If the current economic standing of several households across the globe is anything to go by, surely the market should be catering to their needs by budgeting their offerings, providing outlets for small pleasures and the possibility of indulging into the escapist dream of sent bon without mortaging anything that is left standing to mortgage. However the above has probably been wishful thinking on our part. According to an article by Nazani Lakarani on yesterday's online edition of International Herald Tribune, companies are not especially tuned into the needs of perfumephiles who demand smaller bottles of their desired "fix" so they can collect with less guilt (just how much can one person apply in one lifetime?) and options for budget-friendly versions of packaging (refills, travel cases and similar contraptions). In a time of crisis how do the players respond?
The highlights of this article include some eye-glaring exempla of an industry which is either taking itself too seriously or not at all.
"Traditional luxury and designer brands still sell well; but at the top end of the market, the demand for personalized, custom-made luxury has spread to perfumery. "Regardless of budget, customers today seek a unique fragrance that sets them apart," said Ladan Lari, managing director of designer fragrances at L'Oréal, the French beauty products company.I have long held that elitism is an integral part of escapism in the fragrance business; and especially in times when that escapism is within reach of everyone thanks to the Internet boom it stands to reason that someone needs to emphasize the luxurious, exclusive privilege of owning a coveted item that would differentiate the peasants from the posh (or so the unadmitted truth raises its ugly head). Several brands have played that game well and they have reaped the benefits: thanks to the Internet and the buzz of fragrance writing consumers up till now were willing to pay almost anything to own such an item. The sarcasm and deep contempt (for the plight of many consumers) of seeing this in black & white though makes me cringe a little...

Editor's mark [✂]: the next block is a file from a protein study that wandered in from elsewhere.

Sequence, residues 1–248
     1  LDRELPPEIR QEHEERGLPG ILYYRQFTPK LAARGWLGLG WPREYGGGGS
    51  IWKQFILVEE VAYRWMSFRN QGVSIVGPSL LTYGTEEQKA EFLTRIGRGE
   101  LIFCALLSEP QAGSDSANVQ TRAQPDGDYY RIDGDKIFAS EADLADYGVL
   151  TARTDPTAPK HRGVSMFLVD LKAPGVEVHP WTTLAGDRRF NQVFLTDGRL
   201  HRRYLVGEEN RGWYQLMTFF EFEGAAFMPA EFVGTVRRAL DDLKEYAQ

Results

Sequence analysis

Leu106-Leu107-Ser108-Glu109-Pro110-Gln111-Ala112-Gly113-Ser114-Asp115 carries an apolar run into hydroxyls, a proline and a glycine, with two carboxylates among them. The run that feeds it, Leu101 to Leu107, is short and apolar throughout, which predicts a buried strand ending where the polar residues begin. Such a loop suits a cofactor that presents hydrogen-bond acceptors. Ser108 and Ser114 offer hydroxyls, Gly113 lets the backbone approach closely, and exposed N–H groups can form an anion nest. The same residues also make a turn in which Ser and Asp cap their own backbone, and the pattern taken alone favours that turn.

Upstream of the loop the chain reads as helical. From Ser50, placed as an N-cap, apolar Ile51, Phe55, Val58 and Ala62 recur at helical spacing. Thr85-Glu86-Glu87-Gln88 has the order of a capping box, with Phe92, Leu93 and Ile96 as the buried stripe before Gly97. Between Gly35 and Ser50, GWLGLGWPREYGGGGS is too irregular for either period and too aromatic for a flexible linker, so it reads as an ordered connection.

"Positioning itself between the bespoke and limited edition markets, one specialized perfume company, l'Artisan Parfumeur, plans to introduce in January a line of single-edition perfumes - only one bottle of each will be made - to be sold exclusively through its flagship Paris store. The work of Bertrand Duchaufour, the in-house nose hired this year, the line, Mon Numéro, will be presented in one-off bottles designed by Pascale Riberolles, an artist and master glass blower, priced at about $20,000 for a 725-milliliter flask."Now here is the weird part: one bottle of each fragrance, a collector's item accompanied by a matching price. And I am asking: why??? Why employ the artistry of a perfumer who is admittedly ingeniously revolutionizing the industry with his creations anyway for just what will inadvertedly become a museum piece? He can't be that bored, since he is given almost carte blanche within a niche house where he is master of all he surveys to create as he sees fit. Surely the owner of that single piece of perfume has as many chances of cracking that bottle open and ruining part of its investement value in the process as the oil problem of the planet solving itself naturally within the next decade. I am very much afraid that it will be a waste of energy, time, budget and essence in what will amount to an intellectual exercise instead of a paean to beauty. Fragrances are meant to be living and breathing things, radiating their joy, their wistfulness, their paramours within polite society's radius; not something tucked in a cellar awaiting the future generations to crack them open years later as a monetary investement in art. Attributing the artistry of perfumery into producing an artefact for an antiseptic environment is akin to sculpting a Venus of Milo for the private enjoyment of a single person in a remote village of an exotic Never Never land: a crime for and in the eyes of humanity.
"Kurkdjian's bespoke scents, conceived, blended and matured over 6 to 10 months, are priced at $10,000 for two 60-milliliter flasks, hand-engraved with a name or personal message. He also offers a service that he calls "Variations sur Mesure," mainly aimed at U.S. or British clients accustomed to fast results. "Based on a scent the client likes, I create several variations," Kurkdjian said. "The one ultimately chosen is still one-of-a-kind, but without the time-consuming adjustments. Ready in 10 days, it costs between $3,800 and $5,000."I have no special reason to defend any nationality, but when I see such hidden contempt (yes, you read that right) for American and British clients ~no matter that I am not part of that group~ I cringe some more. Let's repeat and ponder this time: "mainly aimed at U.S. or British clients accustomed to fast results". Is it my own impression or is there a very obvious snide in this? Fast results accounting for poor taste or something, and even that "fast results" being a gross generalisation. Basta! I sincerely hope that this is not a quote by mr.Francis Kurkdjian, whom I respect and admire for his talented offerings to the world of fragrance which I often enjoy myself. He is both much too young and much too talented to be so cynical so early on. Let's just hope it was an infortunate deduction on the part of the author. I welcome any clarification should anyone want to set things straight.
You can read the rest of the article here
Article brought to my attention by Elysium on POL. Pic through the Clint Eastwood Archive.